UK Prime Minister Boris Johnson has been urged to convene all-party talks on Northern Ireland after the sixth night of riots in the province on Wednesday (7 April) left more than 50 police officers injured.
The call by Labour leader Keir Starmer on Thursday followed a night of violence described by the police as some of the worst since the Good Friday peace agreement was finalised in 1998.
The riots, which saw petrol bombs and missiles thrown at officers, vehicles torched and a bus hijacked, has been concentrated in the province’s unionist and loyalist communities. Unionist concerns about policing, and the effects of Brexit on trade between the province and Britain, have been cited as the main causes of the rioting.
The “sectarian violence” had been “at a scale that we have not seen in recent years in Belfast, or further afield,” assistant chief constable Jonathan Roberts said on Thursday.
The violence has been concentrated in areas where criminal gangs linked to loyalist paramilitaries have significant influence, though there is no clear evidence that it has been encouraged by these groups.
On Thursday, Brandon Lewis, the UK’s Northern Ireland Secretary, flew to Belfast for talks with the leaders of the province’s coalition government, which brings together both unionist and Irish nationalist parties.
In a statement, Lewis said he was “aware of the ongoing concerns from some in the unionist and loyalist community over recent months”.
“I remain clear that the right way to express concerns or frustrations is through dialogue, engagement, and the democratic process, not through violence or disorder,” he added.
The police service is accused by some Unionist leaders of having colluded with the republican Sinn Féin party to breach COVID regulations by allowing 2,000 mourners to attend the funeral of former IRA intelligence chief, Bobby Storey, last June. Deputy First Minister Michelle O’Neill was among the attendees. Nobody was prosecuted over the apparent breach of restrictions.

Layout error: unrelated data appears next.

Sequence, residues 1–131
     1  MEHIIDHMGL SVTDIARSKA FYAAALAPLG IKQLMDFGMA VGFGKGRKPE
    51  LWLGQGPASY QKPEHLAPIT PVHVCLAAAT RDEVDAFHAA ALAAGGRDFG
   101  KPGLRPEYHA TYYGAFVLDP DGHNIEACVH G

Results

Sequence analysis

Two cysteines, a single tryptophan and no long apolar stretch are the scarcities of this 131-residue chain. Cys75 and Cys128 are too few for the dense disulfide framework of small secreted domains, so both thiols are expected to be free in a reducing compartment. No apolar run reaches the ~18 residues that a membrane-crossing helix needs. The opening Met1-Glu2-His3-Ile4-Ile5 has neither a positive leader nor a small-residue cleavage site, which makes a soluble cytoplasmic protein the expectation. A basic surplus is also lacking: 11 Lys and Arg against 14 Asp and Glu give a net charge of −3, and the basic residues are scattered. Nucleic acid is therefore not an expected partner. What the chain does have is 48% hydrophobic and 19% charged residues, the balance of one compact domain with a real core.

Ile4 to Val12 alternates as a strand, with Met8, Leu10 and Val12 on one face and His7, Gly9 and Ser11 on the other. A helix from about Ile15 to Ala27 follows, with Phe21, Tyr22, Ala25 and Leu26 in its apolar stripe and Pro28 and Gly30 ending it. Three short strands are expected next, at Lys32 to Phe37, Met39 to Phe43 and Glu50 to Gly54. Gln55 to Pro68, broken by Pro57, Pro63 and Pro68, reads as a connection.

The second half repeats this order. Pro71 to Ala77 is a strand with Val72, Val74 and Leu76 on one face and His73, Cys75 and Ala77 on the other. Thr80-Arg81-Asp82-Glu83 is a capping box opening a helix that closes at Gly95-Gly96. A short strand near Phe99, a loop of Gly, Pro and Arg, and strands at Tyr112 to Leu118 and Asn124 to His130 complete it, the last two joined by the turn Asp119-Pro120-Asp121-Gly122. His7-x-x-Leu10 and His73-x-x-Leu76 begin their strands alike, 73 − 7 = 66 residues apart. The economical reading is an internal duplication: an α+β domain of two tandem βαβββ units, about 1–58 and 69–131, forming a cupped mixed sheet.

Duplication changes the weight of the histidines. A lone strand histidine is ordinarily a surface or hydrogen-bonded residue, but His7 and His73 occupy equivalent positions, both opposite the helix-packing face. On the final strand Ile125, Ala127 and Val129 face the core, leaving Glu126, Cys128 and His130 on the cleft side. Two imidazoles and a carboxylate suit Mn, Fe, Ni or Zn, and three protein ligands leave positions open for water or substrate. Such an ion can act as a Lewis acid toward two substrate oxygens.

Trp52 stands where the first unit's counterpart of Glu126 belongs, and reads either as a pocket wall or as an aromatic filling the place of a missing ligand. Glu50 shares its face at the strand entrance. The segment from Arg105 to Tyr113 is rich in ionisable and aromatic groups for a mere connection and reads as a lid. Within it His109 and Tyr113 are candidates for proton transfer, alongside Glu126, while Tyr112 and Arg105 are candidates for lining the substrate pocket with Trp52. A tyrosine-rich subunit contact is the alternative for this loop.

Last month, Arlene Foster, the first minister of the devolved Northern Ireland executive, called for the resignation of the police chief, Simon Byrne, over the controversy.
As part of London’s Brexit deal negotiated by Boris Johnson, the UK quit the EU’s single market and customs union at the end of 2020.
The deal has been particularly controversial in Northern Ireland, as the implementation of the Northern Ireland protocol, designed to avoid a hard border between the province and the Republic of Ireland, has resulted in the introduction of customs checks on goods from Great Britain to the province.
Although a majority of people in Northern Ireland voted against leaving the EU, the main Unionist parties supported Brexit.
However, the four pro-union parties have joined forces to campaign for the abolition of the protocol on the grounds that it separates Northern Ireland from the rest of the UK in terms of trade relations.
On Thursday, Justice Minister Naomi Long, a member of the Alliance party, which is not part of the unionist or Irish nationalist camps, said that “deception” by pro-Brexit campaigners had resulted in unrealistic promises being made about Brexit’s effects on Northern Ireland.
Throughout the negotiations on a post-Brexit trade deal with the EU, Johnson had insisted that there would not be extra customs and paperwork requirements for businesses in Northern Ireland.
The Labour party’s Northern Ireland spokesperson, Louise Haigh, said that Johnson needed to be “honest about the consequences of his Brexit deal for Northern Ireland.”
[Edited by Zoran Radosavljevic]